ION Diplomates Do Not Know Enough Pharmacology!!

As you may be aware The Nutrition Therapy Council was set up to help regulate the nutrition therapy industry.  The ever-so-generous department of health awarded them £900,000 for the task: Still, according to question one on page three it is all voluntary at the current time as, “the cost of statutory regulation may be disproportionate to the rewards expected.”  I am not really sure what that means. Perhaps some one could enlighten me.

You may be wondering how nutrition therapists at The Institute for Optimum Nutrition measure up. You only need to look at their website to find out.  See the following two documents:

Now, I am only an Arts graduate so do not really understand long words such as “pharmacodynamics”, “pharmacokinetics” and “nutraceuticals”. However, my interpretation is that the document is saying that people who finished the ION course between 2001 and 2007 do not know enough about the effect of drugs on the body and the implications for human nutrition.  Possibly they are not that interested in pharmacology.  After all ION founder, Patrick Holford, did write a book called “Food is Better Medicine Than Drugs”: However, one would have thought that many people consulting nutrition therapists would be suffering from chronic long-term conditions.  Therefore, one would have thought it pretty essential for people claiming to be nutritionists to at least have some understanding of the relationship between food and medicine.

Help is at hand though as the lack of knowledge can be rectified by purchasing “Dr Cliff Whelan’s 2005 lecture: Therapeutic Module: Pharmacokineticys. This will help to rectify areas of this subject missing from the course.”  According to the above NTC memorandum they have until September rectify their lack of knowledge

So what exactly are the implications of this gap in their knowledge?  I asked expert and renowned Bad Science blogger Dr Aust to comment. Here is what he had to say:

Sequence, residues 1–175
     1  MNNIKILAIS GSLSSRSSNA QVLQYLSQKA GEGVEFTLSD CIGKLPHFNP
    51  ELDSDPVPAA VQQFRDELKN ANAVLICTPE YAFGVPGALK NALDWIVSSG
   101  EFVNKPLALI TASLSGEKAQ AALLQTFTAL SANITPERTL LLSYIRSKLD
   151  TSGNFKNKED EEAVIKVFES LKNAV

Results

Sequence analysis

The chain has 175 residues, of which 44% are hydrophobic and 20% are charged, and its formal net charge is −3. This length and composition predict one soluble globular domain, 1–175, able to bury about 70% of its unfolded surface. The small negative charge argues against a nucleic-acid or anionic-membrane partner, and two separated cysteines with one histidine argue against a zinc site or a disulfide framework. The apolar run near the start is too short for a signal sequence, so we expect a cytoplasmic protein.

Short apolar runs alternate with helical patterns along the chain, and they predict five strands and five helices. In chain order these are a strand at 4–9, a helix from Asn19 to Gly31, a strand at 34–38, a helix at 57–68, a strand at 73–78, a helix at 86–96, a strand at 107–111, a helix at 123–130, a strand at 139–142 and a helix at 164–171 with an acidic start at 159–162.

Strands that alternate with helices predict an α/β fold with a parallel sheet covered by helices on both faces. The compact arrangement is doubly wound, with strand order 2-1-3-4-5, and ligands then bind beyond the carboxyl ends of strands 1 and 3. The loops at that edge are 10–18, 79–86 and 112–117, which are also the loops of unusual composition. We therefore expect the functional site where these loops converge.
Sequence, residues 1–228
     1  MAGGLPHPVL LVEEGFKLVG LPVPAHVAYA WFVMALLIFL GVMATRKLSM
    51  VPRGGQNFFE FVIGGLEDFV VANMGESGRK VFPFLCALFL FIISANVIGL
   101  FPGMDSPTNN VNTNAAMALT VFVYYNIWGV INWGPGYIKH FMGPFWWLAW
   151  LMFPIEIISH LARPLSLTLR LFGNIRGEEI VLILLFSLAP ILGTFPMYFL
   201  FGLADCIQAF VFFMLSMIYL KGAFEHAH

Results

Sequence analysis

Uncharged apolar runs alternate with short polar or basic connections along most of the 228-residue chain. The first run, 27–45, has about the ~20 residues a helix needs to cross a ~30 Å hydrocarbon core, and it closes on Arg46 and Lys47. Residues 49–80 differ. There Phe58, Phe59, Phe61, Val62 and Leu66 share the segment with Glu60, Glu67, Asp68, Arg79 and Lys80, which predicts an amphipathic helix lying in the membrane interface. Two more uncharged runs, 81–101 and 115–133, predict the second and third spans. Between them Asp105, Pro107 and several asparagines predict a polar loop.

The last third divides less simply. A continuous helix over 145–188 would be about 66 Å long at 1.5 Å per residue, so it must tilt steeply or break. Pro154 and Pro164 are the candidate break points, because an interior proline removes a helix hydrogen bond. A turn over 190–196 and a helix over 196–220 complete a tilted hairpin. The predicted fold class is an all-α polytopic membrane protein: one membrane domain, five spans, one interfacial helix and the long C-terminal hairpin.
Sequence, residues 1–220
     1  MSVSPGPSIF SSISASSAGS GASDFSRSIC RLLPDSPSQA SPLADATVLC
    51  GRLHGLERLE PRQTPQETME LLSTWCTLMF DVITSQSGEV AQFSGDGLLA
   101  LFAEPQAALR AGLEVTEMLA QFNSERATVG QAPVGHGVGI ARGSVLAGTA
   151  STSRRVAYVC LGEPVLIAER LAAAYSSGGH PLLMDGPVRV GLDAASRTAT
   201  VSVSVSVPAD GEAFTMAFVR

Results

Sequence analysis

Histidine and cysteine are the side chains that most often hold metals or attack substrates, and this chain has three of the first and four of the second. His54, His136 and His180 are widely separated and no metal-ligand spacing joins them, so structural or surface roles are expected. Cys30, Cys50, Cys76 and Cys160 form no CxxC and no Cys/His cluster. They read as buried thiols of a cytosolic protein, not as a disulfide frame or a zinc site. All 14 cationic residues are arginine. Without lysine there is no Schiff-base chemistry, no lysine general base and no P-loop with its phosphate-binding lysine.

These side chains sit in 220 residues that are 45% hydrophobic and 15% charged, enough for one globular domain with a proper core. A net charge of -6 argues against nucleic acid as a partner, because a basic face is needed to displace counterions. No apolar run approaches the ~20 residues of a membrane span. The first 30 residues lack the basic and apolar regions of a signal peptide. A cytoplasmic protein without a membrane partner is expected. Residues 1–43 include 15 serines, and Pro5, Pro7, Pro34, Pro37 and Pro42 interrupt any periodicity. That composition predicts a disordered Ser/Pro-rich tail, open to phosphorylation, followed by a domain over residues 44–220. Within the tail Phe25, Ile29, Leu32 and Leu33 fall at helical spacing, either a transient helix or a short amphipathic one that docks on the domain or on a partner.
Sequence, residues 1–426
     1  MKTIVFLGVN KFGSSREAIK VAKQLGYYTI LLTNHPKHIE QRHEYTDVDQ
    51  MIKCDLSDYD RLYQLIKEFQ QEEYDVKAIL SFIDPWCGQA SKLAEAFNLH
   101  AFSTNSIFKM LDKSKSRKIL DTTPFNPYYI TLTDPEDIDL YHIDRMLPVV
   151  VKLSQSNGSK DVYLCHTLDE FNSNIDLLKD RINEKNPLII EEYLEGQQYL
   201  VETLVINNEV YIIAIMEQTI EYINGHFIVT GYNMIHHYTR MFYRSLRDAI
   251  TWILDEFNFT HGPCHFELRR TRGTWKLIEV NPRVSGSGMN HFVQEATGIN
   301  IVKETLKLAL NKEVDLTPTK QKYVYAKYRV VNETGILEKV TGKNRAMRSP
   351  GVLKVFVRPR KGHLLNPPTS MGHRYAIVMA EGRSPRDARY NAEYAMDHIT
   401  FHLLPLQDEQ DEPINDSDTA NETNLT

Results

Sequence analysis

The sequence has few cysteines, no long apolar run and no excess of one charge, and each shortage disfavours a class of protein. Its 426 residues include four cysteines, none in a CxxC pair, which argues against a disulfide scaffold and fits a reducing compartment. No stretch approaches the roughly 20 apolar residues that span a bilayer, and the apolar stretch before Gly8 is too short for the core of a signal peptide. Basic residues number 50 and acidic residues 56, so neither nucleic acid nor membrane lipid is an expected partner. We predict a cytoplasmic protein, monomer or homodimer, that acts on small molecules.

I’m not a pharmacologist (physiologist strictly, although I do teach some pharmacology too) but one lecture on pharmacokinetics does strike me as a bit, er, laughably thin, given the propensity of some “nutritional” therapies to interact with other conventional drugs people may be taking. A famous example is St John’s Wort, which interacts with almost everything and in Germany is a prescription medication. David Colquhoun, who is a real “Pharmacology ninja”, would probably have other examples.

“Conventional” prescribers (doctors, of course, and now the nurses) get a fair bit of teaching about pharmacology. To be strictly accurate, the amount they are explicitly taught about pharmacokinetics specifically may be quite small (1-2 lectures on the principles, usually early in the course). However, this is reinforced by the fact that, for every drug they are told about, their attention will typically be drawn to its unwanted effects, possible actions in overdose and common and/or potentially serious interactions. They will also have it drummed into them ad nauseam that before prescribing something they always need to CHECK for interactions with other medications the person might be taking, and other contra-indications,  in the British National Formulary (BNF) –

From this POV, my opinion would be that one online lecture as a “retrospective bolt-on” is too little, too late.

The Manual of Dietetic Practice has a very informative table on the nutritional implications of certain medications. If such a book sounds too complicated the table has been adapted for inclusion in Nutrition for Dummies.   I wonder whether either book is actually held in the library of the Institute for Optimum Nutrition.  The strangest thing is that Patrick Holford thinks it is a myth that only dieticians and doctors are qualified to give diet advice and claims that the ION’s diploma, “provides considerably more qualification to advise an individual [his emphasis] about their nutritional needs than either a medical training or a dietetic training.”